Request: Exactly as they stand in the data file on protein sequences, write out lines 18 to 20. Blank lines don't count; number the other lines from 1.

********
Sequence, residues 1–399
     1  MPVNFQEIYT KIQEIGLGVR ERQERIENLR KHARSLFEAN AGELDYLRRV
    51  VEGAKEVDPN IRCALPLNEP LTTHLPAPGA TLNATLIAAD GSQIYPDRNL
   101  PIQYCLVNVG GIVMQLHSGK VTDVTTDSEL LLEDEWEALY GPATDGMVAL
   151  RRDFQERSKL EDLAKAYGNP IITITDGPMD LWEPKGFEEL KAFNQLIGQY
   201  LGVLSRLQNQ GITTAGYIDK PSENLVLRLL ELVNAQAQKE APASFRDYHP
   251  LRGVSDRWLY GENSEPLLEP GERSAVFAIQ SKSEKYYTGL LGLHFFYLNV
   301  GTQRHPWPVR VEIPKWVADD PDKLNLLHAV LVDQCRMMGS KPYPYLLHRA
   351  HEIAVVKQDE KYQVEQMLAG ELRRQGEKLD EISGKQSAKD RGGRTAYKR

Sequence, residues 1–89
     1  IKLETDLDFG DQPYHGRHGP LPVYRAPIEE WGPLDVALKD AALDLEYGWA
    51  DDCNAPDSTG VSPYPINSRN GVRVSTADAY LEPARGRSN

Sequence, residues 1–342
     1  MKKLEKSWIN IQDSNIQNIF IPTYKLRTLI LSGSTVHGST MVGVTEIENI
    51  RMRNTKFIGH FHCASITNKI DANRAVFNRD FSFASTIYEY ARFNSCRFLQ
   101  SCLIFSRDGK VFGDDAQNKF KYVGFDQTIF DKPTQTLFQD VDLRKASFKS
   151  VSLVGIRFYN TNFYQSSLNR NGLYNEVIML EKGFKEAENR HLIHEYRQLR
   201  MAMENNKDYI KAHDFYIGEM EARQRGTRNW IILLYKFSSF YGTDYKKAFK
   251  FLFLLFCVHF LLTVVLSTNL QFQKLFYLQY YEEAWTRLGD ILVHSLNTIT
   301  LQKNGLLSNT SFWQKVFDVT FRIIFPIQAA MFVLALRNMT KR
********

   201  MAMENNKDYI KAHDFYIGEM EARQRGTRNW IILLYKFSSF YGTDYKKAFK
   251  FLFLLFCVHF LLTVVLSTNL QFQKLFYLQY YEEAWTRLGD ILVHSLNTIT
   301  LQKNGLLSNT SFWQKVFDVT FRIIFPIQAA MFVLALRNMT KR